The Braves entered Day 2 of the 2020 MLB Draft on Thursday having caused quite a ruckus from the night before. Twitter featured numerous tweets of dissatisfaction from those that reside in Braves Country, as the team decided to go in an unexpected direction by selecting Wake Forest lefty Jared Shuster 25th overall — a player many experts projected as a second or third-round talent. The Braves’ made Kiley McDaniel’s Biggest Round 1 Head Scratchers list at ESPN on Friday (if you care about such things). However, McDaniel’s criticism was fairly subtle… if you can even call such an obvious statement like “they will have to be more aggressive making selections on Day 2,” a form of criticism. As I said in Thursday’s profile post on Shuster, perhaps we should have a little trust in GM Alex Anthopoulos before we start sharpening our pitchforks.
Regardless of your thoughts on the Braves’ selections over the last couple of days, the organization must now welcome four new players (assuming of course each of them sign). We already discussed Shuster on Thursday morning, so let’s look closer at the other three players taken in rounds 3-5 on Thursday night:
Round 3 — Pick 97
Jesse Franklin V — OF
Taken in the 37th round as a prep star in the 2017 draft by his hometown team (the Seattle Mariners), Franklin instead spent the last two seasons manning center field for the University of Michigan. However, he missed 2020 due to a broken collarbone. At 6’1″, 215 lbs, having concluded an NCAA stint that featured playing-time all over the outfield and first base, Franklin’s sweet left-handed swing earned him a high ranking as no. 142 on MLB Pipeline’s 2020 draft board, including 150th and 196th on Baseball America’s and FanGraphs’ THE BOARD, respectively, entering this year’s draft.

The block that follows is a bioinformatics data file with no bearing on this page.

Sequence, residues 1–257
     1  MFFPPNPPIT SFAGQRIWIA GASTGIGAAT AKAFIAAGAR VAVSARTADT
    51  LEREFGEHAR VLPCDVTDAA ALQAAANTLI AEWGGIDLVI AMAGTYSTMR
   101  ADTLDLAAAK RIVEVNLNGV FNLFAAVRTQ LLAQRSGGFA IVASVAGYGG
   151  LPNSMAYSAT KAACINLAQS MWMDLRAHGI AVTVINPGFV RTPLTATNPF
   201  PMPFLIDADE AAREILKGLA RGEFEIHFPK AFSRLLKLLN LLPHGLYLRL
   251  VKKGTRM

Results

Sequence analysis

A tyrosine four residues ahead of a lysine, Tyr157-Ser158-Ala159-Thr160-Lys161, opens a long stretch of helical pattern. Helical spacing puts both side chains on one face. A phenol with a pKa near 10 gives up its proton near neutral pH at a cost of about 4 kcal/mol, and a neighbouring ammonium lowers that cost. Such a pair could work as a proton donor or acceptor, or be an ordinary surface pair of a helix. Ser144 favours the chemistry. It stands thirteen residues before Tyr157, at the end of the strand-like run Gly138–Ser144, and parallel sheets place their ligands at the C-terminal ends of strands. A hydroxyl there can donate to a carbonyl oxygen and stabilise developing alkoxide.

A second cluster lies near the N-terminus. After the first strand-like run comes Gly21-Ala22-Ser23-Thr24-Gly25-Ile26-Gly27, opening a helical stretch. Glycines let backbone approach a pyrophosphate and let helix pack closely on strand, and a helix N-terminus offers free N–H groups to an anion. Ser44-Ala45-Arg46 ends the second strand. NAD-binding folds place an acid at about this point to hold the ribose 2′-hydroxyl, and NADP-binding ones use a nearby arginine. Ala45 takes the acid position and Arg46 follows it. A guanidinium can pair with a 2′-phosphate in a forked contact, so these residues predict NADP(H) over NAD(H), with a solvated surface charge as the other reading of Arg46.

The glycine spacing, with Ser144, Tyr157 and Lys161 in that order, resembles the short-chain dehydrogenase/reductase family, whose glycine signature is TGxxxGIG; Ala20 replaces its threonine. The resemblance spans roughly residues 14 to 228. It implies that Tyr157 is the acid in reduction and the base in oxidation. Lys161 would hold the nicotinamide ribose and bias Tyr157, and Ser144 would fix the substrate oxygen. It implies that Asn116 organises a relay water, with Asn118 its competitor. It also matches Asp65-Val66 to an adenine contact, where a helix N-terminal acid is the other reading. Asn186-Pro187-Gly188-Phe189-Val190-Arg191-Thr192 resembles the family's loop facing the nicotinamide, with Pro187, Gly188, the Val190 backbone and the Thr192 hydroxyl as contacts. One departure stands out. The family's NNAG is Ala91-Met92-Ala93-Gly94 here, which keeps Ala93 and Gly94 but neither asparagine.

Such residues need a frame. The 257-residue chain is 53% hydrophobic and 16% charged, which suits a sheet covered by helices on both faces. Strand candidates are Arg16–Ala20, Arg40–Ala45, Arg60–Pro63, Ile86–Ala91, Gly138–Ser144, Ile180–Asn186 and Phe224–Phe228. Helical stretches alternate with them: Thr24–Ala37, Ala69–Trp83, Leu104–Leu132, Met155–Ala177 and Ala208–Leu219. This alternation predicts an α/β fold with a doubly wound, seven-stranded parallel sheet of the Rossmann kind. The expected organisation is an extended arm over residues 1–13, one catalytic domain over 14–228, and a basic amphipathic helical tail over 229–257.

Although despite his rather poor ranking on most draft boards, Franklin’s numbers in Ann Arbor seem to fall right in line with many of the college hitters taken on Day 1 in the draft. With back-to-back seasons featuring at least ten home runs (10 and 13 in 2018 and 2019), Franklin wrapped up his collegiate career with a strong slash-line (.287/.385/.520) thanks to his ability to consistently showcase elite plate discipline (career rates at UM of 15.2 BB%, 20.7 K%). In fact, he came close to tallying more walks than strikeouts in 2019, drawing 51 free passes compared to 54 punchouts in 260 at-bats.